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Asynchronous Risk: Unemployment, Equity Markets, and Retirement Savings

  • Jason S. Seligman

    ()

    (University of Georgia)

  • Jeffrey B. Wenger

    (University of Georgia)

The link between unemployment and pension accumulations is conceptually straightforward; periods of unemployment lead to lower pension contributions, and thus to lower accumulations. However, impacts on accumulation may differ as a result of the timing and frequency of unemployment spells. We hypothesize that unemployment is more likely during periods in which the equities market experiences greater than average returns, largely due to a lead/lag structure of the stock and labor markets, respectively. This would imply that workers may systematically miss opportunities to purchase equities through DC plans when prices are relatively low. To test this hypothesis, we match historic stock returns to stochastically generated unemployment spells for men and women across the earnings distribution. We find lower income workers suffer greater percentage losses in retirement savings as a result of more frequent spells of unemployment. Higher income worker losses are more greatly affected by the timing of unemployment relative to the equities market.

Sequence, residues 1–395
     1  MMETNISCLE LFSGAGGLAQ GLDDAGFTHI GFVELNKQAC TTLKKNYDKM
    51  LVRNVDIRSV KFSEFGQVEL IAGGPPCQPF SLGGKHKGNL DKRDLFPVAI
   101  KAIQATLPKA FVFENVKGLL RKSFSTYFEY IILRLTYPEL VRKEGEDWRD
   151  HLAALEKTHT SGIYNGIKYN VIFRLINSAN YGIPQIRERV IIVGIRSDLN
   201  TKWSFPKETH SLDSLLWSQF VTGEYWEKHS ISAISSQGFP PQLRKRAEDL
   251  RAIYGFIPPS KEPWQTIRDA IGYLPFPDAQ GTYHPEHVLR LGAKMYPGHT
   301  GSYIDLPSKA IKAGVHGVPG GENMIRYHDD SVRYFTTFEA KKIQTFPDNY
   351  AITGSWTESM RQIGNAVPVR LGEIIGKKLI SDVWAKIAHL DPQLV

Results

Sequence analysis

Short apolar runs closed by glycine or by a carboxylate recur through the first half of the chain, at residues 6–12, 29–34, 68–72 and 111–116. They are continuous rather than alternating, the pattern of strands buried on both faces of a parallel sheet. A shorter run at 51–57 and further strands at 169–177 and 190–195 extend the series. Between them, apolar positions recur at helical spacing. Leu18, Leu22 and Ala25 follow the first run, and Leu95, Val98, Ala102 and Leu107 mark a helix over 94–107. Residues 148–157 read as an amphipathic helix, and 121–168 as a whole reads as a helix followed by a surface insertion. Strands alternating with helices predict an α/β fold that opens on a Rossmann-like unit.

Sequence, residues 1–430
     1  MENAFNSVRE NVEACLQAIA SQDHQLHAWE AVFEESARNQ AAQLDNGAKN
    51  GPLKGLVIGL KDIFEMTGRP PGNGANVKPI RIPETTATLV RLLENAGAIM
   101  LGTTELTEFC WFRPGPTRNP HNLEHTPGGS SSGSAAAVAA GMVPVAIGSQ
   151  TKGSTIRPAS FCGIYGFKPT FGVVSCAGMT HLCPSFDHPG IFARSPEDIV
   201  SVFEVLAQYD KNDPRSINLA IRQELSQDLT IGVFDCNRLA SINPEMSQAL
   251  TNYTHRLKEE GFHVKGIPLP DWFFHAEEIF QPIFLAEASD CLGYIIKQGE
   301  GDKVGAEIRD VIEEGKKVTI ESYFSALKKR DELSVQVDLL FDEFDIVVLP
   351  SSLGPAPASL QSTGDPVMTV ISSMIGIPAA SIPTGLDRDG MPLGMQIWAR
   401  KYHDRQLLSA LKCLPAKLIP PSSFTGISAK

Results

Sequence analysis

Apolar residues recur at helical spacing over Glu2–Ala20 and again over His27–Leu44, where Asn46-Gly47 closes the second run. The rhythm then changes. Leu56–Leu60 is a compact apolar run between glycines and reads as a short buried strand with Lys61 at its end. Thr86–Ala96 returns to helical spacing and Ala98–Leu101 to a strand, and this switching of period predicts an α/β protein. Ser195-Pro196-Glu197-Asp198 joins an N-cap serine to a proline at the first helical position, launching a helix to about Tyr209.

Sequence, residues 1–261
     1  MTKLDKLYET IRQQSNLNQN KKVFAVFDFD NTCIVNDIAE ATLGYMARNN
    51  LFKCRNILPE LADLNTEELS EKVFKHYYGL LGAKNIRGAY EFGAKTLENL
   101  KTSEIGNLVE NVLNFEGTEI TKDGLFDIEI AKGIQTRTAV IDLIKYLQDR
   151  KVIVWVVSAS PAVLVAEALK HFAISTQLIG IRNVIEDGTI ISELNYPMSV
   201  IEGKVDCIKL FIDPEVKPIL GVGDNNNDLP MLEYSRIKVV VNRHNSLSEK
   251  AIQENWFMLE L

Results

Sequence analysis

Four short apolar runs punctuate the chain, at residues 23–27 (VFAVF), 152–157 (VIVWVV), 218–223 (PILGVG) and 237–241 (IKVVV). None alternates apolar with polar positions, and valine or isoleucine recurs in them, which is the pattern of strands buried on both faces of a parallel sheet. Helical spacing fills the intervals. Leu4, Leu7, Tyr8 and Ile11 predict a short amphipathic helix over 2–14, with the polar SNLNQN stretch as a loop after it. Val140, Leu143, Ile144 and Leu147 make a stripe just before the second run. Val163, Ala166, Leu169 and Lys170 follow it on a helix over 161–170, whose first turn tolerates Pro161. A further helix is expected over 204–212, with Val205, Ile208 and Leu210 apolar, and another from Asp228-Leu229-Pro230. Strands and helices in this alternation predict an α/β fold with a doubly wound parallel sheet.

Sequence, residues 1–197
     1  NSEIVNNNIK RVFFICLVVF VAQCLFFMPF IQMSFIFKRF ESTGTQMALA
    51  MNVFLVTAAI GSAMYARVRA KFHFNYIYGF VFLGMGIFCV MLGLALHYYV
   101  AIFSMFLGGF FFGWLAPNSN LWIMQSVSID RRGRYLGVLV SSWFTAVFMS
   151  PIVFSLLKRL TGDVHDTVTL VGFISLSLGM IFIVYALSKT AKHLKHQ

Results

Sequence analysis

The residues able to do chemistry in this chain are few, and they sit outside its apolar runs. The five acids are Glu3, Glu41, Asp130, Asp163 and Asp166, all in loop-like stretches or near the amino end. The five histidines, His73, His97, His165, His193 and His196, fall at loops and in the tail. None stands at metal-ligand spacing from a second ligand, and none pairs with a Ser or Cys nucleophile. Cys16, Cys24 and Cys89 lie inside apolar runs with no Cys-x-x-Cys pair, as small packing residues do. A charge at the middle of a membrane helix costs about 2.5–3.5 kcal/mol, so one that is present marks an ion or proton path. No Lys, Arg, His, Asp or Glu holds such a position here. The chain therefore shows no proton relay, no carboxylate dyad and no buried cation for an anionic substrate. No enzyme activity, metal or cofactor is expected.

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Paper provided by W.E. Upjohn Institute for Employment Research in its series Upjohn Working Papers and Journal Articles with number 05-114.

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Date of creation: May 2005
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Handle: RePEc:upj:weupjo:05-114
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  1. James M. Poterba & Steven F. Venti & David A. Wise, 1996. "Personal Retirement Saving Programs and Asset Accumulation: Reconciling the Evidence," NBER Working Papers 5599, National Bureau of Economic Research, Inc.
  2. John Y. Campbell & Joao F. Cocco & Francisco J. Gomes & Pascala J. Maenhout, 2000. "Investing Retirement Wealth? A Life-Cycle Model," Harvard Institute of Economic Research Working Papers 1896, Harvard - Institute of Economic Research.
  3. Francisco Gomes & Alexander Michaelides, 2003. "Portfolio Choice With Internal Habit Formation: A Life-Cycle Model With Uninsurable Labor Income Risk," Review of Economic Dynamics, Elsevier for the Society for Economic Dynamics, vol. 6(4), pages 729-766, October.
  4. Burman, Leonard E. & Coe, Norma B. & Gale, William G., 1999. "Lump Sum Distributions from Pension Plans: Recent Evidence and Issues for Policy and Research," National Tax Journal, National Tax Association, vol. 52(n. 3), pages 553-62, September.
  5. Jeffrey Brown, 2001. "Are the Elderly Really Over-Annuitized? New Evidence on Life Insurance and Bequests," NBER Chapters, in: Themes in the Economics of Aging, pages 91-126 National Bureau of Economic Research, Inc.
  6. Hurd, Michael D, 1989. "Mortality Risk and Bequests," Econometrica, Econometric Society, vol. 57(4), pages 779-813, July.
  7. repec:ltr:wpaper:1997.22 is not listed on IDEAS
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